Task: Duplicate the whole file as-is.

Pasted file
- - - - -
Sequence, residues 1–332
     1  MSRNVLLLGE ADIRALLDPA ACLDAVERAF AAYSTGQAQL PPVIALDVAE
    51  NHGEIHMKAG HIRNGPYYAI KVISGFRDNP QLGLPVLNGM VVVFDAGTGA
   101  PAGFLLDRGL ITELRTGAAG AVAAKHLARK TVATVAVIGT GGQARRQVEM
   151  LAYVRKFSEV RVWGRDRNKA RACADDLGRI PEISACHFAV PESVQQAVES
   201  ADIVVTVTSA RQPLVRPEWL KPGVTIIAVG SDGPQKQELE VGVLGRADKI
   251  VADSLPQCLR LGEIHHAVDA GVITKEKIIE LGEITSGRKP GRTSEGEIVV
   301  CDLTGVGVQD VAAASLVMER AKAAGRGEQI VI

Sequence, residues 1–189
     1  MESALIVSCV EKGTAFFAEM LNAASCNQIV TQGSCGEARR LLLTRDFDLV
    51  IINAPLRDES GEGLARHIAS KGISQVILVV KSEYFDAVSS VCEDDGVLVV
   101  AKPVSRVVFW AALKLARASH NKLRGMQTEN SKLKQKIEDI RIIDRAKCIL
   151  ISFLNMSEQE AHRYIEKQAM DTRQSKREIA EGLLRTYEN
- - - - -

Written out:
Sequence, residues 1–332
     1  MSRNVLLLGE ADIRALLDPA ACLDAVERAF AAYSTGQAQL PPVIALDVAE
    51  NHGEIHMKAG HIRNGPYYAI KVISGFRDNP QLGLPVLNGM VVVFDAGTGA
   101  PAGFLLDRGL ITELRTGAAG AVAAKHLARK TVATVAVIGT GGQARRQVEM
   151  LAYVRKFSEV RVWGRDRNKA RACADDLGRI PEISACHFAV PESVQQAVES
   201  ADIVVTVTSA RQPLVRPEWL KPGVTIIAVG SDGPQKQELE VGVLGRADKI
   251  VADSLPQCLR LGEIHHAVDA GVITKEKIIE LGEITSGRKP GRTSEGEIVV
   301  CDLTGVGVQD VAAASLVMER AKAAGRGEQI VI

Sequence, residues 1–189
     1  MESALIVSCV EKGTAFFAEM LNAASCNQIV TQGSCGEARR LLLTRDFDLV
    51  IINAPLRDES GEGLARHIAS KGISQVILVV KSEYFDAVSS VCEDDGVLVV
   101  AKPVSRVVFW AALKLARASH NKLRGMQTEN SKLKQKIEDI RIIDRAKCIL
   151  ISFLNMSEQE AHRYIEKQAM DTRQSKREIA EGLLRTYEN